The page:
A South Dakota court has determined that most of the claims filed by the makers of lean finely textured beef (LFTB) against ABC News, certain news correspondents, including Diane Sawyer, and former U.S. Department of Agriculture (USDA) employees may proceed. Beef Prods., Inc. v. Am. Broadcasting Cos., Inc., No. 12-292 (Union Cnty. Cir. Ct., S.D., order entered March 28, 2014). Information  about the lawsuit appears in Issue 453 of this Update.

While the court found the plaintiffs’ claims for common law disparagement preempted by a state  statute addressing the elements of a disparagement cause of action, available relief and statute of  limitations, it limited its  dismissal with prejudice to those alleged tortious statements  expressly stating or implying that the product is not safe for human consumption.

As to the defamation claims, the court found that the three plaintiffs were appropriate parties  because the complaint sufficiently alleged that people who heard the allegedly defamatory and  disparaging statements “would understand that all three of the Plaintiffs were the persons being  referred to  by the Defendant’s alleged tortious statements regarding LFTB.”The court also rejected  the defendants’ claims that their statements were not statements of fact and thus were not  actionable, finding that most of the statements were “objective facts capable of being proven true  or false,” rather than “unrealistic exaggeration,” hyperbolic statements, epithets, or “expressions  of disapproval.” The court further stated in this regard, “the news reports were touted as being  investigative reports based upon information from usDA scientists, Zirnstein and Custer, and a  former employee of [plaintiff ] BPI, Foshee.”

The court rejected the defendants’ claims that various statements made  during the national TV  broadcasts were true, stating “Defendants are not insulated from liability by the fact that the  Defendant ABC News reports may have also stated in some form during the news reports that LFTB is  beef, LFTB is safe, and/or LFTB is nutritious. . . . [A] reasonable factfinder could find that the  statements are defamatory and/or disparaging despite any accompanying qualifying or non-tortious  statements.”The court also allowed tortious inter- ference with business relationship claims to  proceed, finding the elements sufficiently pleaded.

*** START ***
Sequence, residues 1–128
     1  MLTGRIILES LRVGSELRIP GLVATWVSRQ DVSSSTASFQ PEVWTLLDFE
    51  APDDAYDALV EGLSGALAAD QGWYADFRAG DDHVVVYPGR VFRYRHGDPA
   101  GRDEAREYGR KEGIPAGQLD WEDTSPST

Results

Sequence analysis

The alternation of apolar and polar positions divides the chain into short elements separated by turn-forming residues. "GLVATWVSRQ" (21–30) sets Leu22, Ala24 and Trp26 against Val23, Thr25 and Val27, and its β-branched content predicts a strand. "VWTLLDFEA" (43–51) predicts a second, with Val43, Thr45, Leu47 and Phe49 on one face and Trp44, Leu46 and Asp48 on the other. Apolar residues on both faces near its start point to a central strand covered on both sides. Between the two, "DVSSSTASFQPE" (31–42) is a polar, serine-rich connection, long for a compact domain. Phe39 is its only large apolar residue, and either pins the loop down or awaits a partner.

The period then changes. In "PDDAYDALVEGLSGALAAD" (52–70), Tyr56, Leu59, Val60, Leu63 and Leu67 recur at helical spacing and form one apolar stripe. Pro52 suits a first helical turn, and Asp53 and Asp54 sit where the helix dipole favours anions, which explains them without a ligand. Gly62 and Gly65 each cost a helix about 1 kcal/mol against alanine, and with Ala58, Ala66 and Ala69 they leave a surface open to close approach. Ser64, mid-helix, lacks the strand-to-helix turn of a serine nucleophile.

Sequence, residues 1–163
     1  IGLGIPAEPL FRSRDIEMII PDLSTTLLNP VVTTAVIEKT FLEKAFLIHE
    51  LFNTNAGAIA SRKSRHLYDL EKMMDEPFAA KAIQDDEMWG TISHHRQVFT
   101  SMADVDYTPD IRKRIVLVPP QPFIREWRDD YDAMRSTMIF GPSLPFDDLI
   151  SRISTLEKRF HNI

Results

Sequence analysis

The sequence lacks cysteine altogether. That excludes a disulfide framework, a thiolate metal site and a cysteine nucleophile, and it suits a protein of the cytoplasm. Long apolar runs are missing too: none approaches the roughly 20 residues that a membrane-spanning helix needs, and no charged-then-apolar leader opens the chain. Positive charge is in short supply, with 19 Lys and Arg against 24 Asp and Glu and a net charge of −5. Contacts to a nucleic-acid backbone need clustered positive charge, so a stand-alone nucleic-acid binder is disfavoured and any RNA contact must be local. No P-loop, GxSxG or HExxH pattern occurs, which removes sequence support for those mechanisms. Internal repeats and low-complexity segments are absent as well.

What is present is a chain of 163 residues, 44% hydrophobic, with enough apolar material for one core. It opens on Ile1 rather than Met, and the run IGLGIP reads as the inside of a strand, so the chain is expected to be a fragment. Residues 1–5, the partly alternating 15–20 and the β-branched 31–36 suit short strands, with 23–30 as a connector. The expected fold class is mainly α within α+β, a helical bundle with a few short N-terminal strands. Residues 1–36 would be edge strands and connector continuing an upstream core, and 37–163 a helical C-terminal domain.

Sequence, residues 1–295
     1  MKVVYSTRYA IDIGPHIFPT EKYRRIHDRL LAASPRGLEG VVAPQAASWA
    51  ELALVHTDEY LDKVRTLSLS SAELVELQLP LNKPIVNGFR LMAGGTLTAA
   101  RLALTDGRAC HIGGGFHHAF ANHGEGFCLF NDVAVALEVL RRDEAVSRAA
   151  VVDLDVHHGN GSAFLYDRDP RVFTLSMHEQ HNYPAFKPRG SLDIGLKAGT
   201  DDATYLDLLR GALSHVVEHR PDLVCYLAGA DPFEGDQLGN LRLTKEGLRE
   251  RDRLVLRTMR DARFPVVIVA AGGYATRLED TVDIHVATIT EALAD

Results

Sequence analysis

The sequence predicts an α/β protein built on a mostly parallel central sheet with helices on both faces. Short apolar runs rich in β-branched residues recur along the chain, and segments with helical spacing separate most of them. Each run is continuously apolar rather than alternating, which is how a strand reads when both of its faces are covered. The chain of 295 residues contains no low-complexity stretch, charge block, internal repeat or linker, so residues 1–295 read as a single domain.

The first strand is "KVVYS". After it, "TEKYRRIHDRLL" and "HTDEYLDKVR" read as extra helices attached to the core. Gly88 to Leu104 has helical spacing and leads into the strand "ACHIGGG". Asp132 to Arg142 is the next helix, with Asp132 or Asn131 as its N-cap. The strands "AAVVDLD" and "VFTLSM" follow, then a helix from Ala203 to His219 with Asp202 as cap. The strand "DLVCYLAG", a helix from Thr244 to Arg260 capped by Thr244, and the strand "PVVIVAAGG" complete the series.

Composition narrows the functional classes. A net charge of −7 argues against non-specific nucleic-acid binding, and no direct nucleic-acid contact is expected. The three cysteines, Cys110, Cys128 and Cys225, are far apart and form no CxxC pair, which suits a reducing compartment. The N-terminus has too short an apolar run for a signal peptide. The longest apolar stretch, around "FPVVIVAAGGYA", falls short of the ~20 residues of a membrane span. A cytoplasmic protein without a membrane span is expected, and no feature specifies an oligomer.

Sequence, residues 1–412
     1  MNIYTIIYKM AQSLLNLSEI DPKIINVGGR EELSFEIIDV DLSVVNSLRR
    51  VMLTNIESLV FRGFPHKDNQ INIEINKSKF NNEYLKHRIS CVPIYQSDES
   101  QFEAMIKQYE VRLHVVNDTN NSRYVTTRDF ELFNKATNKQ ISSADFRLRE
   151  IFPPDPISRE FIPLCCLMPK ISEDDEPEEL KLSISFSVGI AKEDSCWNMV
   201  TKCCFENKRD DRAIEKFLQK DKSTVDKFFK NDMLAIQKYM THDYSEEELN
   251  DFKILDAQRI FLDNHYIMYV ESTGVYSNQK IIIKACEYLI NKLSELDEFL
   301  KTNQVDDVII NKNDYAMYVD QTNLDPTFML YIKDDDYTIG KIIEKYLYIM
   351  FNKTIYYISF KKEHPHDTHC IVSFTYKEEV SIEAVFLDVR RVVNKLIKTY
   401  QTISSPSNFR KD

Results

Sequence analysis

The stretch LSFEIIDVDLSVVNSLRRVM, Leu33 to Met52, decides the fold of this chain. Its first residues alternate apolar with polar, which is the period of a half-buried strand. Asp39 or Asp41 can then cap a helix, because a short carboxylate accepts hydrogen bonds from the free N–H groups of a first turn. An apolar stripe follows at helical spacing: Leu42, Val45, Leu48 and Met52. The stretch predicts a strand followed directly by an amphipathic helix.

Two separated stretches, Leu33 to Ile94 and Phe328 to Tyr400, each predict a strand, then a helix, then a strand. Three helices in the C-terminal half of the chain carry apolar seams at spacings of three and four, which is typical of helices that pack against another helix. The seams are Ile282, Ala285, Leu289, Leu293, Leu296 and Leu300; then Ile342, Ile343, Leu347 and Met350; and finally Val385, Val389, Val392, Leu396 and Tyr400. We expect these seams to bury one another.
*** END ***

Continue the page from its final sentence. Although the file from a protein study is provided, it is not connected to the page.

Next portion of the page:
Finally, the court addressed the motions to dismiss for lack of personal jurisdiction as to former  usDA employees Gerald Zirnstein and Carl Custer who claimed limited contacts with the state and a  single ABC on-camera interview to negate the element of activities purposefully directed at the  forum state or its residents. The court found that the exercise of personal jurisdiction comports  with due process because they knew their statements would affect south Dakota businesses, Zirnstein  coined the derogatory term “pink slime” and both not only made statements that would be broadcast  nationally but commented extensively about LFTB online—via Webpage comments, Facebook posts and  posts on meatingplace.com, Google Group Foodsafe, and foodpolitics.com. The court also found the  exercise of personal jurisdiction to be reasonable given likely jurisdiction in any number of  states where the plaintiffs do business and the efficiencies of bringing one lawsuit in one jurisdiction.